2nd Place: Anika Mittal, School of Medicine. Vascular Inflammation in the Brain Following Fat Emboli. Authors: Anika Mittal, Fahad Qureshi, Suban Burale, Neerupma Silswal, Alan Poisner, Agostino Molteni and Paula Monaghan Nichols. Mentor: Paula Monaghan Nichols

3rd Place: Rohan Ahuja, School of Medicine. Absence of Cardiac Immune Pathology in a Rat Model of Fat Embolism Syndrome. Authors: VanDillen A, VanDillen M, Hamidpour S, MateescuV, SilswalN, Wacker M, Patel S, Vallejo J, Ahuja R, Monaghan Nichols AP, SalzmanG, Poisner A, Molteni A. Mentor: Michael Wacker

Undergraduate Oral PowerPoint Presentations

(BA/MD and MD Years 1 to 4 Medical students, School of Biological and Chemical Sciences students)

1st Place: Siddharth Balaji, School of Medicine. Comparing Usage of FDA 510(k) and Premarket Approval Pathways within Orthopaedics to Other Specialties. Authors: Siddharth Balaji and Jonathan Dubin. Author: Jonathan Dubin

2nd Place Tie: Josephine Nwankwo, School of Medicine. Increasing Representation of Black Women in Orthopedics Starts with Medical Students. Authors: Josephine Nwankwo and Ali Khan. Mentor: Dr. Ali Khan

2nd Place Tie: Anthony Le, School of Medicine. Patient Perception of Paralysis-Inducing Spinal Cord Injury Through Twitter and Instagram. Avi Gajjar, Anthony Huy Dinh Le, Rachel C Jacobs and Nitin Agarwal. Mentor: Avi Gajjar

3rd Place: Fahad Qureshi, School of Medicine. Social Determinants for Explaining Disparities in COVID-19 Rates: A Population Analysis From 10 Large Metropolitan Areas. Authors: Aarya Ramprasad, Fahad Qureshi, Bridgette L. Jones and Brian R. Lee. Mentor: Bridgette Jones

SOM event puts focus on Quality and Patient Safety

Click on the image to watch the 2021 Quality Patient Safety Day event.

More than 50 students, residents and fellows participated in the 8th annual Vijay Babu Rayudu Quality and Patient Safety Day with poster and oral presentations on May 21 at the School of Medicine.

The event provides an opportunity to present research and learn from experts in the field of patient safety.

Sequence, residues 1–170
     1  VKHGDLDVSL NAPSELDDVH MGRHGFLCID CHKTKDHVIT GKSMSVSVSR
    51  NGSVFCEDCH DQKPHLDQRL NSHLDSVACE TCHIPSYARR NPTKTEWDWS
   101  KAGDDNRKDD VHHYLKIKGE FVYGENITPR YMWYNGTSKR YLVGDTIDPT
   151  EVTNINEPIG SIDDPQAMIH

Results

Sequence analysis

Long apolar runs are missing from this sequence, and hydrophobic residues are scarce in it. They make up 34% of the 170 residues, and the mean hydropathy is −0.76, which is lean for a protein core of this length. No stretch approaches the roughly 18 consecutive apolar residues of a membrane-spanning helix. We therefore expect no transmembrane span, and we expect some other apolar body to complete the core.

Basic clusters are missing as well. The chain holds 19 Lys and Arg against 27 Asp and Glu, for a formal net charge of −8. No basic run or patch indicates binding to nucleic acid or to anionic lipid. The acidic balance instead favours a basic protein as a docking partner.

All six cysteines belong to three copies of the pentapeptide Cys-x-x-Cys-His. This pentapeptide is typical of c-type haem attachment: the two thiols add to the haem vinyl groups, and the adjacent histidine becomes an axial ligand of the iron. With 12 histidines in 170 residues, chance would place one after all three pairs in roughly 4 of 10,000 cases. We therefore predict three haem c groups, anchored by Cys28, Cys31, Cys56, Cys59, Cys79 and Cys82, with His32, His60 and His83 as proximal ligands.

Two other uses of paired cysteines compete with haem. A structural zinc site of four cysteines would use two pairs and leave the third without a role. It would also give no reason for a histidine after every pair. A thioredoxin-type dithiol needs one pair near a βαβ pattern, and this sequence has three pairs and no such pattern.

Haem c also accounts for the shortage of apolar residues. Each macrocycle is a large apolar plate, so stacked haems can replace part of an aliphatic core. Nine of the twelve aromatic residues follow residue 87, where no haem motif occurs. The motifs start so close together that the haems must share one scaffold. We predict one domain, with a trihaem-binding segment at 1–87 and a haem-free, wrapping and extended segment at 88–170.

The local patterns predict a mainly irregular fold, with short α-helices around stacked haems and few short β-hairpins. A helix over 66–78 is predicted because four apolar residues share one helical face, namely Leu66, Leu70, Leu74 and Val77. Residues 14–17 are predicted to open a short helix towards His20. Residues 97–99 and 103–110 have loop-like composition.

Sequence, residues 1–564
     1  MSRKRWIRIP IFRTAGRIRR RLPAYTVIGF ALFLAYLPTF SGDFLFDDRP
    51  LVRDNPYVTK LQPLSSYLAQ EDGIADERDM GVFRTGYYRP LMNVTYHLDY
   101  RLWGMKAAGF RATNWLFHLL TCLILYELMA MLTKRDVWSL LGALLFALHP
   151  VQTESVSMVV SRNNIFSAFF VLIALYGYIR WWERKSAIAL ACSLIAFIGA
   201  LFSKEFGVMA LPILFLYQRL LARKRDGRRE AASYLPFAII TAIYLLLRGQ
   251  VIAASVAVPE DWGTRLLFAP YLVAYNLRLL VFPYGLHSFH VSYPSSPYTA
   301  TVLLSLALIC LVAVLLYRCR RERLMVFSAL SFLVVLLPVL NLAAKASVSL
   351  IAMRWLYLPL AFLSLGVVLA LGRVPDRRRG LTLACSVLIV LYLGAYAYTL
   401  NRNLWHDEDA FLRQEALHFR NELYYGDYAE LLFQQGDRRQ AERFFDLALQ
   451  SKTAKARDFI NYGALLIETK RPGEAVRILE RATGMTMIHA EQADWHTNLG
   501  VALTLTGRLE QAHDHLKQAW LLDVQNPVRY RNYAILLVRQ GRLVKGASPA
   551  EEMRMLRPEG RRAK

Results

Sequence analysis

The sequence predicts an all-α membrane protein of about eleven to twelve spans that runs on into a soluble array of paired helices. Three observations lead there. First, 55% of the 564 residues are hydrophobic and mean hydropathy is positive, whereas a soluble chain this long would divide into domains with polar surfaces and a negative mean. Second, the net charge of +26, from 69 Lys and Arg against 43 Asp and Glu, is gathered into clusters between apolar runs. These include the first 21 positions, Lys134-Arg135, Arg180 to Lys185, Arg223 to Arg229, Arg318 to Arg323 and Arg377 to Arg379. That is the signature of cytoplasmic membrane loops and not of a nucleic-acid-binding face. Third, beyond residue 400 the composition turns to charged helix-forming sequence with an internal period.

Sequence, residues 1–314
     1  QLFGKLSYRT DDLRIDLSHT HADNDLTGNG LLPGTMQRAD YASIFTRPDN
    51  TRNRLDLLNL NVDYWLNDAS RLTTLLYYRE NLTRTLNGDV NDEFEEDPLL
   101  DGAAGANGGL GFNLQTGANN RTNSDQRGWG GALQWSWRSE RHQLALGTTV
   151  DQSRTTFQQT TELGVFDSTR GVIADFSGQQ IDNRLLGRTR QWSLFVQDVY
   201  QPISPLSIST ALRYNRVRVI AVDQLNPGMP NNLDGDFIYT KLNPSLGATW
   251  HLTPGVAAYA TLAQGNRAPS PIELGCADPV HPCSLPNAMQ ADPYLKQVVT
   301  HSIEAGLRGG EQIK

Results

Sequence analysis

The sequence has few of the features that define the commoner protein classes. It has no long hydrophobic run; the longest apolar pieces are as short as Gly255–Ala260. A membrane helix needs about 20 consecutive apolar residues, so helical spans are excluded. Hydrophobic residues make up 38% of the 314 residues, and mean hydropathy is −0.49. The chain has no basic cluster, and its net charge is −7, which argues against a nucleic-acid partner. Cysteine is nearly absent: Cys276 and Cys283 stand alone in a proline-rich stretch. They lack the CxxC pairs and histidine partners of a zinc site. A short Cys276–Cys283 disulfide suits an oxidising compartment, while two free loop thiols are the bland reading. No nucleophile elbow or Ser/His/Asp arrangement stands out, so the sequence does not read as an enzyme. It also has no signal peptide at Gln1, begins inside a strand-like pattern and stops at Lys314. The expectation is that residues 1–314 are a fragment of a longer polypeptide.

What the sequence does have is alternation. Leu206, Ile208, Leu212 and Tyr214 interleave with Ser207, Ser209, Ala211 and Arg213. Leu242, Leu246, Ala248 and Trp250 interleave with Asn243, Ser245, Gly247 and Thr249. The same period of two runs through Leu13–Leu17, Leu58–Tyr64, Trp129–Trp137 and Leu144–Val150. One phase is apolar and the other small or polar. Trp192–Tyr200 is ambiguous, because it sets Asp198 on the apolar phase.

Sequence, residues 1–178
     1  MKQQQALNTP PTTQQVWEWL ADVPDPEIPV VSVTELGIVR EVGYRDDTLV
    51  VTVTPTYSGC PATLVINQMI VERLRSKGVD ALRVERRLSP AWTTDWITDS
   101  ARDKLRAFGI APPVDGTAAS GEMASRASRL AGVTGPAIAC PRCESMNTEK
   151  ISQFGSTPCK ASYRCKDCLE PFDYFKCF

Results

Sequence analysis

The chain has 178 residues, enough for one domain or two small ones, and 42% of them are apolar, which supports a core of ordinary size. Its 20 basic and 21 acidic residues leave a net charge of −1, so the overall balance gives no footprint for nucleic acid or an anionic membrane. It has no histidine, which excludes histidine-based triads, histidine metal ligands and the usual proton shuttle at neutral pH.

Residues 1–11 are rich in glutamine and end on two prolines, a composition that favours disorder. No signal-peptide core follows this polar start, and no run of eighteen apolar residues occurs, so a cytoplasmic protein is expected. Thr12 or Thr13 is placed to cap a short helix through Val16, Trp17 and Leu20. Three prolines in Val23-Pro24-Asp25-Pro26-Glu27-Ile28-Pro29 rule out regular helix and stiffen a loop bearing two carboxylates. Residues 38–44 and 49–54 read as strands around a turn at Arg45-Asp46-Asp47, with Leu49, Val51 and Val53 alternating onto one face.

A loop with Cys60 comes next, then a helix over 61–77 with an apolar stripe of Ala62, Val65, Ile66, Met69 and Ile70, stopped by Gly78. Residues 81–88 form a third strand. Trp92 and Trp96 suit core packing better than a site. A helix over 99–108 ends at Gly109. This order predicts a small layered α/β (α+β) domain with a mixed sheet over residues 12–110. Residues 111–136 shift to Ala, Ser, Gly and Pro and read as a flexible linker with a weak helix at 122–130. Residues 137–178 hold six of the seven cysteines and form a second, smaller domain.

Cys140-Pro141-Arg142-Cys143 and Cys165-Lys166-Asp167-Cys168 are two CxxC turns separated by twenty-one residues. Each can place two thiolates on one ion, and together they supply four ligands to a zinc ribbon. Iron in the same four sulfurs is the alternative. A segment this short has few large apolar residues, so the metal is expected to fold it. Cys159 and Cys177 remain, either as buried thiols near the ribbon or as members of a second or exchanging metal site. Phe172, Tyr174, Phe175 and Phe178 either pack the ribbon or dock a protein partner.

Mallika Joshi, MS 3, and Kayla Reifel, MS3, captured the top student honors for their abstracts, while Megan Hamner, M.D., and Cree Kachelski, M.D., received the top awards for residents and fellows. The four were selected to give oral presentations of their research.

Joshi presented on “Improving the Sleep Quality of UMKC Medical Students: A Quality Improvement Project.” Reifel presented a project titled “Improving Breast Cancer Related Lymphedema Detection – Creating a Standard Practice for Preoperative Arm Measurements.”

In the resident/fellows category, Hamner, a second-year pediatric infectious disease fellow, gave an oral prestation on her winning abstract, “Improving Skin and Soft Tissue Infection Antibiotic Duration Concordance with National Guidelines in Pediatric Urgent Care Clinics.” Kachelski, a second-year pediatric emergency medicine fellow, presented “Improving time to antibiotics in open fractures in the Children’s Mercy Emergency Department.”

Three students, Parth Patel, MS3, Lakshmi Pryiya, MS5, and Aarya Ramprasad, MS3, and three residents/fellows, Bemjamin Hoag, M.D., Raed Qarajeh, M.D., and Ray Segebrecht, M.D., received honorable mention  for their poster presentations.

A complete list of student and resident/fellows oral and poster presentations and videos of the oral presentations are available on the School of Medicine research web site.

Jennifer S. Myers, M.D., professor of clinical medicine and the director of Quality and Safety Education for the Department of Medicine at the Perelman School of Medicine at the University of Pennsylvania, gave a keynote address. She is the Director of Penn’s Center for Healthcare Improvement and Patient Safety (CHIPS) fellowship program and oversees all aspects of quality and safety education for the Department of Medicine.